We’ve all marveled at the claimed horsepower of engines, only to learn that the stated power rarely reflects the actual might of the engine. Why the disparity? The answer lies in “corrected” horsepower values. These corrections were established to account for variations in observed horsepower readings due to different locations and weather conditions. It’s intuitive that an engine in The Snowy Mountains, won’t generate as much power as one at sea level in Brisbane due to the reduced oxygen at higher altitudes. However, the less obvious effects of weather conditions on the engine also play a crucial role. To level the playing field, advertised horsepower is “corrected” according to various industry standards.
Understanding Dyno Correction Factors
While many are familiar with Atmospheric Correction Factors used to compare power output across different days or locations, these factors can be perplexing and potentially misleading. Despite the tendency for engine owners to proclaim their horsepower as an absolute figure, we know that an engine will produce varying power on different days. To make fair comparisons, horsepower output on a given day is corrected to a standard.
Types of Dyno Correction Factors
The most common correction standards include the SAE J607 (STD), SAE J1349, ECE, DIN, and JIS. These standards adjust for factors such as temperature, humidity, and barometric pressure. For instance, the SAE J1349 standard corrects to a 77°F day with 0% humidity and a barometric pressure of 29.234 in-Hg (99 KPa).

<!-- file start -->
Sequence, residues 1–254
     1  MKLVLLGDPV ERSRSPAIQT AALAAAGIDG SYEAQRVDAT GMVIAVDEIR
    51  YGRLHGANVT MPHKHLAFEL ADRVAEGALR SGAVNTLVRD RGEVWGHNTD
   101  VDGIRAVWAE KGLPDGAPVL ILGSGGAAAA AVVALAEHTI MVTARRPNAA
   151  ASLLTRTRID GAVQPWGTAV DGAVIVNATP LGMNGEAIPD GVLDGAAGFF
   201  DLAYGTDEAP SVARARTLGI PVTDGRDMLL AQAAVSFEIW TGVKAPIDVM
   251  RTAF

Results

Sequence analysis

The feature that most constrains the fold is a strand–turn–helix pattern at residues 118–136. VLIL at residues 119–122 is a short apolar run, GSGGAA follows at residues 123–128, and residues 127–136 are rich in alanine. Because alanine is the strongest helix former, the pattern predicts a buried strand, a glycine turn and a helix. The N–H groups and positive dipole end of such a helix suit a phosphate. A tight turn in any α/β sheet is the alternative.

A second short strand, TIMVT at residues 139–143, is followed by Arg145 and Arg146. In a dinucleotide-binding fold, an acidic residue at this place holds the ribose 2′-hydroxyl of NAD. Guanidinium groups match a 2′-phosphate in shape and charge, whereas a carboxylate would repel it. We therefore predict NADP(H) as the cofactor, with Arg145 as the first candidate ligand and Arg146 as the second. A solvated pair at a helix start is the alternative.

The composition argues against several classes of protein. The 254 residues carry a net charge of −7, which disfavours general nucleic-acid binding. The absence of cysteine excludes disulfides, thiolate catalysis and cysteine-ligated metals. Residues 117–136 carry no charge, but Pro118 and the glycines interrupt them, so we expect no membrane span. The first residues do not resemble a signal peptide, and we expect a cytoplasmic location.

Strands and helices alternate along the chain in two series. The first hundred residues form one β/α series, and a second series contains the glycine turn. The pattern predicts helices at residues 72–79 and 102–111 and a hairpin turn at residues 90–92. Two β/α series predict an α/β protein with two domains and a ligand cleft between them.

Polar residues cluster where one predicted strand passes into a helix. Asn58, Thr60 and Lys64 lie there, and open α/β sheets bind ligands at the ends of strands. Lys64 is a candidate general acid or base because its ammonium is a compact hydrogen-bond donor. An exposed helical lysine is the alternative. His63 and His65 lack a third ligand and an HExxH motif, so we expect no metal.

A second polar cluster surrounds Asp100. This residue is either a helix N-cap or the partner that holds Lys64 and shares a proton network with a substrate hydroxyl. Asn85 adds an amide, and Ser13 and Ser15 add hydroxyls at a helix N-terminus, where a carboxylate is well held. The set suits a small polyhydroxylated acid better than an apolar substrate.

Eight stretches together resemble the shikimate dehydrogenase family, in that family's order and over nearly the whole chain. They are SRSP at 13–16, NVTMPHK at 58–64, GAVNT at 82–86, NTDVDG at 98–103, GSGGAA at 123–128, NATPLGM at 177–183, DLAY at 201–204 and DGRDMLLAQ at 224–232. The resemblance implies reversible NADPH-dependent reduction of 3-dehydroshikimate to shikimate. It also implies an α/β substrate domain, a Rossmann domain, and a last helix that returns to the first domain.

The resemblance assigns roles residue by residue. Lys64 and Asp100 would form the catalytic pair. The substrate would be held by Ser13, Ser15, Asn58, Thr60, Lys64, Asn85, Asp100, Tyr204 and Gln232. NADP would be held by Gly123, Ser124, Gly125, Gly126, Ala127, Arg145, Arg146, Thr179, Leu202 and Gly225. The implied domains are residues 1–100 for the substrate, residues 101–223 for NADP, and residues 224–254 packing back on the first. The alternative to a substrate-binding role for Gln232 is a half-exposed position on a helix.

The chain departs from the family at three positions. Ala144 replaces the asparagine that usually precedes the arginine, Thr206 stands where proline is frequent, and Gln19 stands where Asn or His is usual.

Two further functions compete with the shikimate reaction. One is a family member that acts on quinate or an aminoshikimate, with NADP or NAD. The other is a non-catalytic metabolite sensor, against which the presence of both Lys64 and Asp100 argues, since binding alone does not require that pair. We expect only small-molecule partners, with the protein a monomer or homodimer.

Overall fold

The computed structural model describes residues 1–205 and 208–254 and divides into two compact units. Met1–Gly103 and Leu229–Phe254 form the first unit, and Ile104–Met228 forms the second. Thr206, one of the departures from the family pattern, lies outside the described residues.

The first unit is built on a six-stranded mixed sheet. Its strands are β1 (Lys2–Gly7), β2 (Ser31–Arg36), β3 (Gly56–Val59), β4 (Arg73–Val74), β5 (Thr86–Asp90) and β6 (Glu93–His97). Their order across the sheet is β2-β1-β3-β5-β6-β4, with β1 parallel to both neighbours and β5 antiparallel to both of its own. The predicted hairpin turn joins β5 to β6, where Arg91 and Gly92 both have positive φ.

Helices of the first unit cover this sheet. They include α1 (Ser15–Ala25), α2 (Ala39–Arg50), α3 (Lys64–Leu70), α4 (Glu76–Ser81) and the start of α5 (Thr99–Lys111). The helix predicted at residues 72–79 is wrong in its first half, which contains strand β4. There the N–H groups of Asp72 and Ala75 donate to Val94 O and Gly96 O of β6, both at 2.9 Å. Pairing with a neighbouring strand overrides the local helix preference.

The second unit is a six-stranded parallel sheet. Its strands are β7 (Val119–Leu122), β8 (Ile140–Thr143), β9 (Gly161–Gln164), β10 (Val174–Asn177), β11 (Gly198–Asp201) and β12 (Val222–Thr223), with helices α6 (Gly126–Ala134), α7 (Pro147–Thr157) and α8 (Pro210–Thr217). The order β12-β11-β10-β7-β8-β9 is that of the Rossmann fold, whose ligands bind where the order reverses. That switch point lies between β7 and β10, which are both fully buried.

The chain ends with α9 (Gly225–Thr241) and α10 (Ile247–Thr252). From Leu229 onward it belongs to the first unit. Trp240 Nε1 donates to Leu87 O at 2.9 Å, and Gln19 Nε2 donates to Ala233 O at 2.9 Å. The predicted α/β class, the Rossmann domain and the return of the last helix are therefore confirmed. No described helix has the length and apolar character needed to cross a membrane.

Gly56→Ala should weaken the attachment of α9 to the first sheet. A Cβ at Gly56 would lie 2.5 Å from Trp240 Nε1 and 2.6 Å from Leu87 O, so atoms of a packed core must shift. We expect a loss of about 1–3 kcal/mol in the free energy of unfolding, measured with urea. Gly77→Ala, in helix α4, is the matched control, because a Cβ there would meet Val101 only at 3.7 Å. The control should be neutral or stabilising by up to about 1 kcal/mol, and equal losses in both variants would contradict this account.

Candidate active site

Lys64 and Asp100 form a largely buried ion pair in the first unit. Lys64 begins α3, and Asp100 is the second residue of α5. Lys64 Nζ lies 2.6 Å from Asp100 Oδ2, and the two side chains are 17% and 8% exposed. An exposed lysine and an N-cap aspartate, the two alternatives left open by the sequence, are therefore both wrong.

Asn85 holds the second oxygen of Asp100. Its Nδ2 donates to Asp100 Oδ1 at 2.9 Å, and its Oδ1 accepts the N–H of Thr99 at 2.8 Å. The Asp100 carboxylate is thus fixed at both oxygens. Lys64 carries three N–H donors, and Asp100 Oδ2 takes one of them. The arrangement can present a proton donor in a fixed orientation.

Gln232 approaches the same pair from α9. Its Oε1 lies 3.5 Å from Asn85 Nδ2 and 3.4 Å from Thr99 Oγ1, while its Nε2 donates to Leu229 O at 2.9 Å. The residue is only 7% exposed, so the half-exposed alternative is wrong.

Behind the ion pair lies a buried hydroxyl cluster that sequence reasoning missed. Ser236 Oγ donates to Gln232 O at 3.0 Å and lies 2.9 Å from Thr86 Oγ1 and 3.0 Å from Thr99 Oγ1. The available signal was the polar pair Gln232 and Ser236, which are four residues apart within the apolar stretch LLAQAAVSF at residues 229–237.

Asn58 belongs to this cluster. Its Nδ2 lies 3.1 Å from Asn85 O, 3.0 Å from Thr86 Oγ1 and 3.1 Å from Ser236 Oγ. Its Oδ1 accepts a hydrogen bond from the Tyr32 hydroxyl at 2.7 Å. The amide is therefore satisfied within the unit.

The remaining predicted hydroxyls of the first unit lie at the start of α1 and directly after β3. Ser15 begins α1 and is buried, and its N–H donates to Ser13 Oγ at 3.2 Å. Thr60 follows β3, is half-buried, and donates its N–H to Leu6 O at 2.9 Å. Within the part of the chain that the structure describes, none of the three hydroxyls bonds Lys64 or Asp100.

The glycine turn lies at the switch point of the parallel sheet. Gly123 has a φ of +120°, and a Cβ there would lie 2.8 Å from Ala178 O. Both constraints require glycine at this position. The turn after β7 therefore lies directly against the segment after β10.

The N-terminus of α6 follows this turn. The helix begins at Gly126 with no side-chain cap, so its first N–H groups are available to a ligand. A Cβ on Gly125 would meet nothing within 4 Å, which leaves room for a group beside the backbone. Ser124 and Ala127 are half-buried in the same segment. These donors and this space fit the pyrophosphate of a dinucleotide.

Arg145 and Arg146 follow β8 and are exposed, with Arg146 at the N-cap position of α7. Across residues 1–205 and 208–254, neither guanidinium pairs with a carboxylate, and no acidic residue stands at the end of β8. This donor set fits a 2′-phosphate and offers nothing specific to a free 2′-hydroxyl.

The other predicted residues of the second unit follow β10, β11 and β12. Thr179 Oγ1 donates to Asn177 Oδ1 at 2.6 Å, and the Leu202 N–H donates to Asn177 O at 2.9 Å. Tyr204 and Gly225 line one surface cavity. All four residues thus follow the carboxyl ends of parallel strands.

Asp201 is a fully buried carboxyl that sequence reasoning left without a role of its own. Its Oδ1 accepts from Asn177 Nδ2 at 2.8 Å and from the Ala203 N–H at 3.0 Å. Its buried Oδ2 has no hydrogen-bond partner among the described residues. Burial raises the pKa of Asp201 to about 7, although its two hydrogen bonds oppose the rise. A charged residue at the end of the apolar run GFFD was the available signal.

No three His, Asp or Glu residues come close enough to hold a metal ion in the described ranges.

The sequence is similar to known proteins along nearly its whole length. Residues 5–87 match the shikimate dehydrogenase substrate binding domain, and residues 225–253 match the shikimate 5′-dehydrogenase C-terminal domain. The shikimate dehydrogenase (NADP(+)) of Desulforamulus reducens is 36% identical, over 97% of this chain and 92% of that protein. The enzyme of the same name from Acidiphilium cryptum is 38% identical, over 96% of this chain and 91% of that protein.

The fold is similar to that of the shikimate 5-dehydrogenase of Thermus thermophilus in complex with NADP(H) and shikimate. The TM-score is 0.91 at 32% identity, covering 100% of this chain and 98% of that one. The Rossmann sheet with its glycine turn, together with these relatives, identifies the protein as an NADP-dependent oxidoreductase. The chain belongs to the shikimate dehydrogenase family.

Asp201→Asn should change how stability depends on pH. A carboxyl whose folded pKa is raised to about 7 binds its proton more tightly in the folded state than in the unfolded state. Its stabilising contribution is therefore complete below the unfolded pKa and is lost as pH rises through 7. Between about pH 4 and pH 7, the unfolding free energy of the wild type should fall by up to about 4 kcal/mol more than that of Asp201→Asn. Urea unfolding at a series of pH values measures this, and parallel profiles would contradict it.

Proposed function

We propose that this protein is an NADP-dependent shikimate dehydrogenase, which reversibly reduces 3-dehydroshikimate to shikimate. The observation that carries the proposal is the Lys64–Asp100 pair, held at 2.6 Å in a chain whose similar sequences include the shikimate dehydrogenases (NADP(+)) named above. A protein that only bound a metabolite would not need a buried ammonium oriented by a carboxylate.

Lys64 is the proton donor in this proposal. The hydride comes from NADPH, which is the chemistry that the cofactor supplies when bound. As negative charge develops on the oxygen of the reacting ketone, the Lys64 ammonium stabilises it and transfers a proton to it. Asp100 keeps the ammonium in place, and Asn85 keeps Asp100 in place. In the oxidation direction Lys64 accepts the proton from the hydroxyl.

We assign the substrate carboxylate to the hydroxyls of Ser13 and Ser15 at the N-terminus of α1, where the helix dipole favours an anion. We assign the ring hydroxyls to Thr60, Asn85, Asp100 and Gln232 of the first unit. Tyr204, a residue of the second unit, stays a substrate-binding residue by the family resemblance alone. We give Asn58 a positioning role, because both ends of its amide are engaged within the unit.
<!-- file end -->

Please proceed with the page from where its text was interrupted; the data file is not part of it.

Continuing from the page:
These corrections become crucial when comparing engine performance on different days. It is important to understand, these correction factors represent a theoretical value, not the actual value on the day, when takign into account the correction factor equation.
Read more: Understanding dyno graphs & how to catch a cheater!
Understanding SAE J1349 Correction
The most modern, and globally accepted correction formula is the SAE J1349, which involves the final correction factor multiplier (cf), pressure of dry air (Pd), and air temperature (Tc) in degrees Celsius. A point of confusion is the quoted values for Barometric Pressure in inches of Mercury, with variations based on temperature.
The SAE J1349 standard also accounts for “Mechanical Efficiency,” reflecting the engine’s energy conversion from fuel to flywheel power. This factor considers frictional torque, viscous effects, and other rotational resistances. The SAE flat rate of 15% efficiency is a point of contention, as it may not accurately cover all internal combustion engines. In particular, this should not be utilised for Diesel engines.
Dyno Correction For The Customer
While debates persist about the validity of correction factors, they remain essential for realistic engine performance comparisons on different days around the globe.
Entering accurate correction factor values is crucial for valid testing. While correction formulas may seem complex, most dyno modern software automates the process based on environmental variables. It’s important to use the same correction method for all testing, and transparency with customers regarding the correction method builds trust.
When considering a dyno, researching how correction factors are applied is essential. While it might not seem crucial now, the ability to enter custom correction factors may become vital for accurate testing and comparisons in the future.